So, Mr. Morgan, may I introduce Mr. Hickey? I think you have a lot to discuss.

11 July 2011

The year in review

One of the most important issues for New Zealand this year has been alcohol reform. It is very much an economic issue, as well as a social one. There is no question that alcohol costs this country a shocking amount in poor health outcomes, domestic and public disturbances, road accidents and deaths. The loss of productivity, that magic bullet that economists and politicians are continually banging on about, ought to make the issue of alcohol reform an urgent one for the Government.

However, alcohol makes some people a lot of money. Alcohol manufacturers and distributors are big corporate entities, as are the supermarket chains whose profits rely on alcohol sales. In a Bill hundreds of pages long these groups are uncurbed, and some are actually exempted from any regulations stated in the Bill. With huge public demand for effective alcohol reform (9000+ submissions), the Government has found itself between an economic rock and a socially demanding hard place, and has put off considering the toothless Bill. Perhaps the hope is that public demand will have waned after the election, with all the excesses of the Rugby World Cup behind us. Let us hope otherwise.

We have encountered a number of other issues through this year: local government changes, student loans, supporting children and changes to the tax system. Most of these Bills or papers attempted to save the Government money by squeezing individuals and small businesses, either through cutting costs or reorganising processes. The Budget proved more of the same.

Income sharing, a laudable attempt to recognise the vital unpaid work caring for children that so many women do, failed to gain traction partly due to the already huge and unnecessarily complex tax system we are burdened with. The discussion document Making Tax Easier was entirely about IT, and nothing to do with the iniquities and loopholes that allow money marketeers to escape basic taxes like GST, which the poorest families cannot. For me, making tax easier would be to abolish GST in favour of a very small financial transactions tax (FTT) implemented on withdrawal so that speculators could not avoid it. Now, that's a broad-based tax.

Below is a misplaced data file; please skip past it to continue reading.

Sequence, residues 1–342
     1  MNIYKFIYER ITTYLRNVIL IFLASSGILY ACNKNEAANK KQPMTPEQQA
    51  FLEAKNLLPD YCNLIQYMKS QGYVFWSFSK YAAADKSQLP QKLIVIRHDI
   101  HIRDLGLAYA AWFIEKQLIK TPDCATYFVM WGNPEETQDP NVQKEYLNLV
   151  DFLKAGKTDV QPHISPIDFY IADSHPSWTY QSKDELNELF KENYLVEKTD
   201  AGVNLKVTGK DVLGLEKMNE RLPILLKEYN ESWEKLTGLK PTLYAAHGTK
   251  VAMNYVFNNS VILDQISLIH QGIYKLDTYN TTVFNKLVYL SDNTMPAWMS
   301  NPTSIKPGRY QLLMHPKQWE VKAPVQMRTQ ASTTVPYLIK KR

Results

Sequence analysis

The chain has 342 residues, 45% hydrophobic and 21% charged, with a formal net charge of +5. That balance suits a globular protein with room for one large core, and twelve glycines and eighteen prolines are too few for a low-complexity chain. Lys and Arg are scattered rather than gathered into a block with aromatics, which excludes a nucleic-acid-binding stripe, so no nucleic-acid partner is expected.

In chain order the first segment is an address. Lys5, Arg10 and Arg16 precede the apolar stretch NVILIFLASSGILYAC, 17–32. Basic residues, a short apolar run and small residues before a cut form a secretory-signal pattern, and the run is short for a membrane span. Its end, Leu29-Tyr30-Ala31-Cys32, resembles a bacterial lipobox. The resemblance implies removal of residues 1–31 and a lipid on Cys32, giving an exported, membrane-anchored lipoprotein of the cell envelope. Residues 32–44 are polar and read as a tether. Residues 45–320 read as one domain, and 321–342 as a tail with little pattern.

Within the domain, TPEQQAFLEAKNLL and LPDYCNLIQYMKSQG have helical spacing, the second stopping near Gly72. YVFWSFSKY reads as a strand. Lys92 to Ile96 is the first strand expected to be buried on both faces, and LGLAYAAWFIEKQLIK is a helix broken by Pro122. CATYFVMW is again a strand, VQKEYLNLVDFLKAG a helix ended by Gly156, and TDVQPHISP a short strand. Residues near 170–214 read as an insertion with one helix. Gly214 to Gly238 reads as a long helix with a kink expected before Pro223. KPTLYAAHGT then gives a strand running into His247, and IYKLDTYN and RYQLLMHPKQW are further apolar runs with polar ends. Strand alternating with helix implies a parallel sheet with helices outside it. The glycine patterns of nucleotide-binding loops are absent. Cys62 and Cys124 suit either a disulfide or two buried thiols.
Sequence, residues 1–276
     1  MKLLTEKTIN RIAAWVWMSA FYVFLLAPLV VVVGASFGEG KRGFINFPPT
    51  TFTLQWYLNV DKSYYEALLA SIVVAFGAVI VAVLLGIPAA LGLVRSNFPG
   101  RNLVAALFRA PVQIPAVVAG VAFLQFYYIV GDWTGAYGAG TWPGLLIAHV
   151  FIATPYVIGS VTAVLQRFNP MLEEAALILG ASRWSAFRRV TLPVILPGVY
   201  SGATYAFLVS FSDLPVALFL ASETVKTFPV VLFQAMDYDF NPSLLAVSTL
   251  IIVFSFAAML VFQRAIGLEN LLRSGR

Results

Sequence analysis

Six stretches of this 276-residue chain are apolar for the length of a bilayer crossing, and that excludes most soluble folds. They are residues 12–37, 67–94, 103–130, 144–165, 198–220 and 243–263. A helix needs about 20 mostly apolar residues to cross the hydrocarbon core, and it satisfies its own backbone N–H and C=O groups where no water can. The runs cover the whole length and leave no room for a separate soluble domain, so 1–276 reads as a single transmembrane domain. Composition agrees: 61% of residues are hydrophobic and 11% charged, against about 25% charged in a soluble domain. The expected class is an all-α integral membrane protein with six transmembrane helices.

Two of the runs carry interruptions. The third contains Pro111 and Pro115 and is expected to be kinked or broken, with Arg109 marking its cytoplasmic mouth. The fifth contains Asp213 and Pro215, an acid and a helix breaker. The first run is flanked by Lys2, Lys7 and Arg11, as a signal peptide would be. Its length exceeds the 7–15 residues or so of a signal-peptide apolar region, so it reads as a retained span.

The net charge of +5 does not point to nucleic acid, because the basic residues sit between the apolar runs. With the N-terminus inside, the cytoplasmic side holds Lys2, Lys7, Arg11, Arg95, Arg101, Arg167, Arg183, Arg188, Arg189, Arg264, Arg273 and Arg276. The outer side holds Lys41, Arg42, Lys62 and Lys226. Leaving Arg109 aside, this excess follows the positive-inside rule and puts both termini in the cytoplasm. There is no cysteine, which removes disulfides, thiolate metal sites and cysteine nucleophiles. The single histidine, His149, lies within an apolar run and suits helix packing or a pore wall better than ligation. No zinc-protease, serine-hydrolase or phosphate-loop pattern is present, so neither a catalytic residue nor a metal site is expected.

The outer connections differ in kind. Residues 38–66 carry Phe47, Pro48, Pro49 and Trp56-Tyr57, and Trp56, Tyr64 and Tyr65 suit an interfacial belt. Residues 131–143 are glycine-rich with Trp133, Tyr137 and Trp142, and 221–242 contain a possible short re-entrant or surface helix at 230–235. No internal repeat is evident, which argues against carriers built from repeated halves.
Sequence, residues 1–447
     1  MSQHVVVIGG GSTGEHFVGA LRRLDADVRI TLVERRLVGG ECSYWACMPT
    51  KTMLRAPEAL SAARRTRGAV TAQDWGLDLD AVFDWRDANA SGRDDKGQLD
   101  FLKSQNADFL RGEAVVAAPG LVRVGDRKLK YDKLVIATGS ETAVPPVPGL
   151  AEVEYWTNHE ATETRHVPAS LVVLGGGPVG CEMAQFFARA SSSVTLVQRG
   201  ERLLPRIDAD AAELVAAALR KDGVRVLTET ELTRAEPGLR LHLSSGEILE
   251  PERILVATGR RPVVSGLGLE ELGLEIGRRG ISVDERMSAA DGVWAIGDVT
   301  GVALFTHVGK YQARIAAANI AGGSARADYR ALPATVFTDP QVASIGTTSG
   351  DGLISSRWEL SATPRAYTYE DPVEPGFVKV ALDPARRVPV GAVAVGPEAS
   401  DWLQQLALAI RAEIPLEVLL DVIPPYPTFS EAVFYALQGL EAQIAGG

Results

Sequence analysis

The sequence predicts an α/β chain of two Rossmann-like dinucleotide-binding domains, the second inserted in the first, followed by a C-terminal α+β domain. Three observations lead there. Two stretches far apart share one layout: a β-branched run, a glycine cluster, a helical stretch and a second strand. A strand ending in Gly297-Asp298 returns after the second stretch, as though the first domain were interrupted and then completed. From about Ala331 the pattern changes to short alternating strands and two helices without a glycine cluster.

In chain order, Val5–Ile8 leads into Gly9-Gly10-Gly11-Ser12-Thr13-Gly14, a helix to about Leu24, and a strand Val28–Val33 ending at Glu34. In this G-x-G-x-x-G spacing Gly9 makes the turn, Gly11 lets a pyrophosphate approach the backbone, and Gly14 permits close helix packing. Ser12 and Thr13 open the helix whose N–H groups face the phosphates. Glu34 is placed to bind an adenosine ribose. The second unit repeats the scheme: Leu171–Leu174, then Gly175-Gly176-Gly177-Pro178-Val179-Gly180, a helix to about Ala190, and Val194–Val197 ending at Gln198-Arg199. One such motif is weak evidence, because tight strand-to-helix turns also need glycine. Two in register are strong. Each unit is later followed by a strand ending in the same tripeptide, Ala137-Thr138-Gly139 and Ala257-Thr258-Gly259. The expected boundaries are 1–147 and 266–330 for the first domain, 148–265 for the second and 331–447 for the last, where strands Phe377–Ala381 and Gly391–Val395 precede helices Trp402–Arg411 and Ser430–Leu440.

Most recently there has been some mainstream media discussion about gender pay equity, a welcome change. Thanks to the foot-in-mouth outpourings of Alasdair Thompson, facts all too familiar to women in the paid workforce are being aired in public. Our public service makes a poor showing, and the challenge is to keep the issue to the fore now that Mr. Thompson is no longer a useful target.

A potential economic threat to all aspects of our society is the Trans Pacific Partnership Agreement. This and similar trade agreements have been found to include clauses that privilege multinational corporations and reduce the democratic sovereignty of signatory nations. We are likely to lose Pharmac to the giant drug companies, and even alcohol reform will be hampered by trade agreements. The tobacco lawsuit against the Australian Government is a timely warning that the corpocracy that Professor Doug Sellman warns about is upon us.

Meanwhile, the casino of stock markets and currency traders continues unabated, with the NZ dollar one of the most volatile and profitable currencies going. Orthodox economics dictates that while stock values are rising and bank profits in the black, the economy is all right. Blinkered National Party thinking that places faith in ‘market forces’, and chooses to ignore the dangerous, widening gap between rich and poor, will be the driver of another worse downturn, one we can’t blame on earthquakes in Christchurch.

06 July 2011

Death by A Thousand Cuts

However you look at it, the damage to Christchurch is a tragic disaster that will continue to affect all of us for a long time and in many ways. Inevitably, economics raises its ugly head - the cost of rebuilding, the slowing of the economy due to so many businesses unable to trade, and the ways we are all going to have to pay.

Before the latest big quake hit, the Prime Minister had raised the issue of asset sales. Now, asset sales are one avenue the Government will consider to pay for rebuilding Christchurch, along with raising the earthquake levy and trimming social programmes such as Working for Families. Rejected was the suggestion that last year's tax cuts should be reversed, cuts that put the most money into the pockets of those on higher incomes, including our Prime Minister. This move, it was claimed, would tend to 'slow the economy'.